If there has been one thing my old-man has been nagging us to do, it has been to climb the main berg and do a short traverse. I have always resisted. Firstly, there is the dreaded chain ladder, next there is the possibility that an overnight raid may leave you without hiking boots and lastly there is the very changeable berg weather. Thunder and lightning are not to be sneezed at but fear, fear, fear often results in us missing out on the most awesome of experiences.
This year, my sister, Les, turned 40. She joined my old-man and nagged about doing this hike and then it became a celebration of their birthdays. The old-man 70 and Les 40. So, it was just a matter of a few sharp words and the dreadful feeling of guilt that made me contact Ian from Drakensberg Hiker. Interestingly Ian had worked at the Cavern many moons ago and since he is an experienced guide I had to put my trust in him and make the blastered booking!
We gathered some cousins, a few friends and the date was set. We’d head out on the 19th April and hike from the Sentinel Car Park to the Mweni area, spending 4 nights out. The week prior to us leaving was wet and fairly miserable and the butterflies in my stomach left me feeling quietly anxious about the looming hike.
We met Ian and his team (porters included!) at the Car Park and began our adventure. Climbing the chain ladders is enough of an adventure for me and I was properly pleased that I didn’t have to come down them. My mum and a few of the aunts and uncles joined us for the Amphitheatre. We left them at the “window” and continued for our first night in the Ifidi Valley.
What a welcome sight to come over the rise and see the tents in the distance. I had forgotten how sore the shoulders would get from carrying a backpack and wondered if I’d make the remainder of the journey… Thankfully most of us girls were in the same boat and a bit of DeepHeat and a yoga stretch meant we were good for day 2!
On the second day we hiked through the valley and up to a beautiful view point where lunch was presented. Ian, Gwaine, Robert and Jeffrey hiked with us and provided the most awesome hiking meals. Lunch was boiled eggs, Provitas, a bit of cheese and a few left over muffins from the day before. They carried all our food and an additional 6 porters had our tents which meant our packs were a reasonable size and not too heavy. We did carry wine which was always welcome at sundowner time when the temperatures dropped quite suddenly and the cold could pierce the bones…
Our second camp was at the Madonna and her worshippers, in the bowl of the valley with a view out to the Mweni Needles. Temperatures dropped to minus 7 and I soon realised that my sleeping bag was not to berg standard. My phone froze and the battery pack suffered too… Panic set in as the thought of being without a camera descended upon me! Would I ever do this again!?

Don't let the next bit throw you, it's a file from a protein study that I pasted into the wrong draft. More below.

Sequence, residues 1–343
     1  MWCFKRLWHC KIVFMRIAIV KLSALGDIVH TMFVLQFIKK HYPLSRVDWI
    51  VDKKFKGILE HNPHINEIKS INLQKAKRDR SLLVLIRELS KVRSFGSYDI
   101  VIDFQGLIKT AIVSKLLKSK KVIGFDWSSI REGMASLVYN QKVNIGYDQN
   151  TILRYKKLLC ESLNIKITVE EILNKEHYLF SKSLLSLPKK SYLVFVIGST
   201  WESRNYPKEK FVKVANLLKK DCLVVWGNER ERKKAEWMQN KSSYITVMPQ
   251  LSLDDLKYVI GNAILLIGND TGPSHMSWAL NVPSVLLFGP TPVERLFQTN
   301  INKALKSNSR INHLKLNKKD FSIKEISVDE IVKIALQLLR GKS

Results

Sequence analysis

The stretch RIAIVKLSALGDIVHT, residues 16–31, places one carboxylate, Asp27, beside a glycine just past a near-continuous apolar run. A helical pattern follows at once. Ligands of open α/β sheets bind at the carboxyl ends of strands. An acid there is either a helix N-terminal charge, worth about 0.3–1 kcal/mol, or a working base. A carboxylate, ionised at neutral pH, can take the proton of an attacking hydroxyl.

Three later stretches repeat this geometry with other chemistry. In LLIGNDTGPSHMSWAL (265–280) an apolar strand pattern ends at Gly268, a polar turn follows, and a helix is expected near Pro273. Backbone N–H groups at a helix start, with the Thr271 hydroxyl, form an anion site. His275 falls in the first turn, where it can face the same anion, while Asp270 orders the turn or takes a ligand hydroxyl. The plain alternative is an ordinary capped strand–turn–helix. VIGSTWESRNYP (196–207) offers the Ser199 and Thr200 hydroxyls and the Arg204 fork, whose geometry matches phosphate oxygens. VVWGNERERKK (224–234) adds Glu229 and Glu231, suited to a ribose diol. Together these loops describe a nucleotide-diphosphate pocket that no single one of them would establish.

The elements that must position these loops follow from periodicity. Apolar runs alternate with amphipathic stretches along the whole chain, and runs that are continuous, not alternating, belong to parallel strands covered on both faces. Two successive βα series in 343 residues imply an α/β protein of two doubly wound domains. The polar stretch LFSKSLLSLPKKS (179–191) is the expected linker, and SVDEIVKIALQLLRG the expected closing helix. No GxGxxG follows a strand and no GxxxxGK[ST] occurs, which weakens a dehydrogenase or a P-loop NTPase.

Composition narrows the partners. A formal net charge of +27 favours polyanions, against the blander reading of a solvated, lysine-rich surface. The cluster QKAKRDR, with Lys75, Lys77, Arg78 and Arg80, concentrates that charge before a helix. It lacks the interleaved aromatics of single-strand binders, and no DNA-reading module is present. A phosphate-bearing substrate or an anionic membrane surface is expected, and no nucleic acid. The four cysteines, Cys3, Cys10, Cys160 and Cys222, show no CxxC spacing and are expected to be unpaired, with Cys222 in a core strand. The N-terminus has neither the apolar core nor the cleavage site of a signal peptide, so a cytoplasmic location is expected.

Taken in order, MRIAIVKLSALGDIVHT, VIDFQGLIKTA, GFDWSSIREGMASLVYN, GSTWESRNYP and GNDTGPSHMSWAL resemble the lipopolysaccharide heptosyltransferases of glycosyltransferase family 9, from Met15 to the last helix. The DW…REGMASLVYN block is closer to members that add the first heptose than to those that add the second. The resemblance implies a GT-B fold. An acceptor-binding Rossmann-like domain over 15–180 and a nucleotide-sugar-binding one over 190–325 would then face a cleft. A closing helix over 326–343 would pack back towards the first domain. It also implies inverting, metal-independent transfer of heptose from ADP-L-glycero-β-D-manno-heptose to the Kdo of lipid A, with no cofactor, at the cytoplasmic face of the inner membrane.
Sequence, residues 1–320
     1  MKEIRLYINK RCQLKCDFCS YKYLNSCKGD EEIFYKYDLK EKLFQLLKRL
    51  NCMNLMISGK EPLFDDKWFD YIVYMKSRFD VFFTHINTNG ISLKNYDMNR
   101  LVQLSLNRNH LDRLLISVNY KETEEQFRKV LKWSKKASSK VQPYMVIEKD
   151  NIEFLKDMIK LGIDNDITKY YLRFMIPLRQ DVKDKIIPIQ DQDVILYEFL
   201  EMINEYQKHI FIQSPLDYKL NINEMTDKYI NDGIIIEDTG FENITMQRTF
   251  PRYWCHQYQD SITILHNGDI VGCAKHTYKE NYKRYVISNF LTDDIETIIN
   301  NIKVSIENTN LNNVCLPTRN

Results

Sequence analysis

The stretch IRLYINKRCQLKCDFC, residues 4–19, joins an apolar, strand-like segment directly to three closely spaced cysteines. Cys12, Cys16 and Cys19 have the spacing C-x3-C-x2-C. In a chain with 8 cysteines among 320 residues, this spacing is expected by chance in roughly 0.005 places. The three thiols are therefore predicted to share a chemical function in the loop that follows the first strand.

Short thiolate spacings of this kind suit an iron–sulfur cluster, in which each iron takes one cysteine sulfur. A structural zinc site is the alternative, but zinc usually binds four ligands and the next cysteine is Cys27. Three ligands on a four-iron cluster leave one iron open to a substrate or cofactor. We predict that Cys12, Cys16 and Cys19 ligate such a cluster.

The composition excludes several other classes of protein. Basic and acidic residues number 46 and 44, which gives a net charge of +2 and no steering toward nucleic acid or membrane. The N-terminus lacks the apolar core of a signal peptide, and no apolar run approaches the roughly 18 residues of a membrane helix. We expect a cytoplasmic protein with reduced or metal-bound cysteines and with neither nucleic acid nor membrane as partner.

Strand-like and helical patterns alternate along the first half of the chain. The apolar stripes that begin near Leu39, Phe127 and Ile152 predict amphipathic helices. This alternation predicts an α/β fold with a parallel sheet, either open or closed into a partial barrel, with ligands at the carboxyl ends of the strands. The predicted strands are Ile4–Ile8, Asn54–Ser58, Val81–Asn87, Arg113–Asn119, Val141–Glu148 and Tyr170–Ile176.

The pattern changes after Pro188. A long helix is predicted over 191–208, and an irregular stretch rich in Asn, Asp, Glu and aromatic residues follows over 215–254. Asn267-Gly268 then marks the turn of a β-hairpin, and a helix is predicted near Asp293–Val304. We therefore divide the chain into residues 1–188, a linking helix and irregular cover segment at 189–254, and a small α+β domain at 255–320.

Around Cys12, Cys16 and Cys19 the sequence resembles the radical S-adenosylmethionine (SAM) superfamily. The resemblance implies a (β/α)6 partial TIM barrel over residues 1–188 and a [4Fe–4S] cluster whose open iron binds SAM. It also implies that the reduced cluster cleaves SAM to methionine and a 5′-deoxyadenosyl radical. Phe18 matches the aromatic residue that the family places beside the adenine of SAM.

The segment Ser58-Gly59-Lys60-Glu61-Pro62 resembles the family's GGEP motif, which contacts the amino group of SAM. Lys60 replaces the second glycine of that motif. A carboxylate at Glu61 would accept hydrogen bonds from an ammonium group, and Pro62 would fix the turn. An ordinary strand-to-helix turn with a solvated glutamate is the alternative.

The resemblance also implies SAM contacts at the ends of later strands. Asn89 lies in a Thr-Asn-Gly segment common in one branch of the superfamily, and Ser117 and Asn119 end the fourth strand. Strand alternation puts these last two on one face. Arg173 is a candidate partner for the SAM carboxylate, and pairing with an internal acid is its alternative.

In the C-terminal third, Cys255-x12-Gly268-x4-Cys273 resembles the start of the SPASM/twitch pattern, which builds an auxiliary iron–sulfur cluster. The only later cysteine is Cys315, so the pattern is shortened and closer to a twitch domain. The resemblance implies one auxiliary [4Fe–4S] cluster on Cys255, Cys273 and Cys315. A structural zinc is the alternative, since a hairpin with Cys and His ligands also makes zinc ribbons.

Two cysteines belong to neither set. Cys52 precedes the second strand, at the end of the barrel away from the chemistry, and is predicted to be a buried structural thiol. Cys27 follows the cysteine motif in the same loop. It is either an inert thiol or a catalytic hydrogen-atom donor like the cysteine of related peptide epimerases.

Morning coffee, warm oats with crunchy muesli and stretching out the limbs helps to get all the worries, the fears and the nervous energy out of the system. We then walked and walked, over another hill down a steep valley, across the source of the Orange, past small rock and grass shelters, to the Rockeries Vulture Colony. In this vast open space, we enjoyed the wilderness, drank in the memories and did our best to hold on to this special time. And, I just couldn’t understand what had taken me so long to do it…
Our camp at Rockeries was next to a small river. From the edge of the escarpment we looked over the Vulture Colony to the Northern Face of the Saddle. Stunning scenery. Incredible birds. Moments of shear magic. We left this camp, visited Mponjwane Cave and had a chance to gaze back at our Cavern Valley. We saw Camels Hump and felt quite pleased with our achievements. Then, it was time to descend and down Rockeries we began. At this point we realised just how fortunate hikers are in the Northern berg. The Amphitheatre is just so accessible. Rockeries was long and hard on the legs and at 1:30pm we needed lunch to recharge our weary selves.
After clambering down the pass and tripping over our own feet we were more than delighted to see our tents in the Ntonjelan’ valley. Our stride quickened and we all grabbed our “wash” goodies and raced towards the river. Each evening, before sunset, we’d descend and find a little pool to wash. It was the most invigorating moment of the day. Berg streams at 1500m will take your breath away, add Autumn and 1000m and it is proper heart-stopping stuff!
We woke on our final morning and watched the Rockeries go from grey to brilliant orange as the sun rose. We packed up and began a short walk through the valley to the Mweni area but we did stop for one final swim before meeting the family and heading to the Cultural Centre for a “welcome home” drink.
Incredibly special times. Magnificent mountains. A must-do if you have ever had an inkling to get there. As Ian, our guide told us, it’s much more dangerous in Canada, you can be eaten by bears! Don’t miss out because of fear. Be only afraid of missing the magic of the Drakensberg mountains.